Ironically, while some opponents insist on classifying homosexuals as immoral and unworthy of marriage, there are many state laws that are hypocritical on a moral level. As William N. Eskridge, Jr. points out, “No state refuses to issue a marriage license to a couple on the ground that society disapproves of their erotic practices or their sexual orientation—unless they are homosexual” (63). Eskridge goes on and points out a law in Virginia that virtually allows pedophilia, even though Virginia does not allow legalized homosexual weddings. According to Eskridge, “it is statutory rape in Virginia for an adult male to have sex with a girl of fourteen, unless the man subsequently marries the girl” (64). In other words, a pedophile can avoid incrimination as long as he is willing to marry a fourteen year-old girl he is taking advantage of. The hypocrisy of Virginia implying that homosexuals are immoral by denying them the right to marriage, while they practically legalize pedophilia, is an obvious sign of discrimination against gays and lesbians.

When homosexuals are thought of as normal citizens, which is a difficult concept for some opponents, the arguments for homosexual marriage do not seem unreasonable. Opponents generally deny the commitment gay couples have toward each other, even though “a large proportion of American adults who identify themselves as lesbian or gay live with another person of the same sex and regard that person as their life partner” (Chambers 449). Gay and lesbian couples, unlike heterosexuals, are denied the right to legitimize their relationship through the union of marriage, even though they are as committed to their lovers as heterosexual couples, and by denying homosexuals the right to marry, the United States is also denying them of many legal benefits (Stiers 167). Although some homosexuals have symbolic unions of marriage, sometimes even in a liberal church setting, they cannot obtain the privileges heterosexual couples receive after a legalized marriage. For example, without a legal marriage license, homosexual couples cannot be guaranteed the possessions of a lover that dies without leaving a will, become responsible for the life of a critically ill lover that is being hospitalized, have the right to claim a dead lover’s remains, or receive additional Social Security benefits based on a lover’s income (Eskridge 67). Without having the right to marriage, homosexuals are denied many privileges and benefits that are awarded to married heterosexuals, and laws denying homosexuals the right to marry is a legalized form of discrimination.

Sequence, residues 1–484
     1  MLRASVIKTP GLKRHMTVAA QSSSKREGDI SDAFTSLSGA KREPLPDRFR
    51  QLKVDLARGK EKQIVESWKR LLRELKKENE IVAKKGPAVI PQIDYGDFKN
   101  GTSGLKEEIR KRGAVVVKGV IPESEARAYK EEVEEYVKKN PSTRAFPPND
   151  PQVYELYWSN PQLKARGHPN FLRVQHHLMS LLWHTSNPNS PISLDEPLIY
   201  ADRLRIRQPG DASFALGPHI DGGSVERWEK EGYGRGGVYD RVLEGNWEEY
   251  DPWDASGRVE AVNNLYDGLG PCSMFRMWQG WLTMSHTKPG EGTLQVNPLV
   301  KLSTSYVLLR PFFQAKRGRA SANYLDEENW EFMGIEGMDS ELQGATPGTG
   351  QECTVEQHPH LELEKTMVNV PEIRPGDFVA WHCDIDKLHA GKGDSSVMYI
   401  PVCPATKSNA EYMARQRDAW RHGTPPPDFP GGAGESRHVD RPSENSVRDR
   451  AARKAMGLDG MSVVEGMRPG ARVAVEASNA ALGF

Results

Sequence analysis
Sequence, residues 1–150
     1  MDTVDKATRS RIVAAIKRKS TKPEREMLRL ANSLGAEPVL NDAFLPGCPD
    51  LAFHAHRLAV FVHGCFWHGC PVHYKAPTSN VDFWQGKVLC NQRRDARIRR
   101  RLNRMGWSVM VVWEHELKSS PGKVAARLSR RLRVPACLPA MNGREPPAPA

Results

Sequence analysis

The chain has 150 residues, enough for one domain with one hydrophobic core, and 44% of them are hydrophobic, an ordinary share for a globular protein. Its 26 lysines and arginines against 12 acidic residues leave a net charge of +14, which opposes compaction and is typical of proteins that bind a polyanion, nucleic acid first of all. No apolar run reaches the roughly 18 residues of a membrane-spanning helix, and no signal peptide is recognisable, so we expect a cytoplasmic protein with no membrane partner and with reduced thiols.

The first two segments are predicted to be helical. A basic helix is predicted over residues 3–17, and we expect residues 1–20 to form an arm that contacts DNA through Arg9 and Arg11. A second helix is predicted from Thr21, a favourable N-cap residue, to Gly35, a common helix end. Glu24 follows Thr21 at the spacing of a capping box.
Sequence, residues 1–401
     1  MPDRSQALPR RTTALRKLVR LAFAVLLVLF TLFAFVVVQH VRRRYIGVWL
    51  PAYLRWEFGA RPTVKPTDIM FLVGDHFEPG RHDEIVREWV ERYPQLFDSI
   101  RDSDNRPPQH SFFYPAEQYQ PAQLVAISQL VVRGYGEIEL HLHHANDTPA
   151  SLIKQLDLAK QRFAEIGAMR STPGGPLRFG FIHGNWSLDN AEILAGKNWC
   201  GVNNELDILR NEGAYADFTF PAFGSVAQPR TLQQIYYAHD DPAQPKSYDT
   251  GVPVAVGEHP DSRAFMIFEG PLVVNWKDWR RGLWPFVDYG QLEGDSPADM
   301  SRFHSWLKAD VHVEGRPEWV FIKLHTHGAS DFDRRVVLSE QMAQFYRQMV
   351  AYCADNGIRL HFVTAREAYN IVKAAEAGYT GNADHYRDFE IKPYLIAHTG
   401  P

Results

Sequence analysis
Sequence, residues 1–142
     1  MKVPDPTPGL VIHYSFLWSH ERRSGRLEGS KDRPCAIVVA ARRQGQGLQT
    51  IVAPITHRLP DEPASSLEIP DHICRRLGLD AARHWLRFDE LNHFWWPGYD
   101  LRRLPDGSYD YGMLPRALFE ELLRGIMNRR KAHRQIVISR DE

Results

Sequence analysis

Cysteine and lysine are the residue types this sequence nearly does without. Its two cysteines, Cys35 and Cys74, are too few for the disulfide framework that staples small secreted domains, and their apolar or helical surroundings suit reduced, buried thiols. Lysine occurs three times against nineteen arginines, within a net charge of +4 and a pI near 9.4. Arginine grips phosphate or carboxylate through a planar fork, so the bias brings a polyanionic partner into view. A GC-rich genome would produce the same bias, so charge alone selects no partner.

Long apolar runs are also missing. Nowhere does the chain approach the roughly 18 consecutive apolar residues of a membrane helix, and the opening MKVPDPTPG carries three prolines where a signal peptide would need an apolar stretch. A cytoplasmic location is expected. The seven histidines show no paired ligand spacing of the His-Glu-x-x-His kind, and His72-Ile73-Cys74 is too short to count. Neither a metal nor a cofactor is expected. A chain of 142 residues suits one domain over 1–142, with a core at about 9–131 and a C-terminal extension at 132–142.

Fortunately, gays and lesbians are beginning to gain more legal respect, even though more progress still has to be done. In Hawaii and Vermont, homosexual marriages have been legalized, but couples married in these states are not legally recognized throughout the United Sates. Since Hawaii legalized homosexual marriages, “sixteen states have adopted laws declaring that their state does not recognize same-sex marriages even if conducted validly in another state” (Chambers 451). The states that passed these laws were most likely afraid of changing the long-lived belief in the United States that homosexuality is wrong, and they passed these laws as a deliberate attempt to discriminate against homosexuals. Eskridge clearly points out that denying homosexuals the right to marry will eventually seem ridiculous when he writes, “For most of American history, different-race marriages were not acceptable, but that was no argument to perpetuate this discrimination once our society rejected the racist assumptions of that exclusion” (91). Similar to interracial couples of the past, homosexual couples are being discriminated against now, and until the discrimination ends, the United States will never be a truly free country.

In the end, the legalization of homosexual marriage is all a matter of equality. At the current moment, gays and lesbians are denied privileges heterosexuals obtain after becoming legally married, and they are also denied the proof of legalized commitment that heterosexuals can receive. Therefore, homosexual marriages should be legalized in every state at an attempt to end the discrimination of homosexuals. However, legalizing homosexual marriages does not mean churches are expected to legitimize homosexuality in the eyes of God or opponents are expected socialize with the homosexual community. Legalizing homosexual marriage would only represent a victory for gay and lesbian activists because they will finally be allowed the rights and privileges that heterosexuals obtain after marriage.

Works Cited: Chambers, David L. “What If? The Legal Consequences of Marriage and the Legal Needs of Gay and Lesbian Couples.” Michigan Law Review. 95 (1996): 447-491.; Eskridge, William N. Jr. The Case for Same-Sex Marriage: From Sexual Liberty to Civilized Commitment. New York: The Free Press, 1996.; Levay, Simon, and Dean H. Hamer. “Evidence for a Biological Influence In Male Homosexuality.” Scientific America. May 1994: 44-49.; Stiers, Gretchen A. From This Day Forward: Commitment, Marriage, and Family in Lesbian and Gay Relationships. New York: St. Martin’s Press, 1999.; Sullivan, Andrew. “Virtually Normal.” Taking Sides: Clashing Views on Controversial Political Issues. 12th ed. Eds. George McKenna and Stanley Feingold. New York: McGraw-Hill/Dushkin, 2001. 302-306.; Wilson, James Q. “Against Homosexual Marriage.” Taking Sides: Clashing Views on Controversial Political Issues. 12th ed. Eds. George McKenna and Stanley Feingold. New York: McGraw-Hill/Dushkin, 2001. 302-306.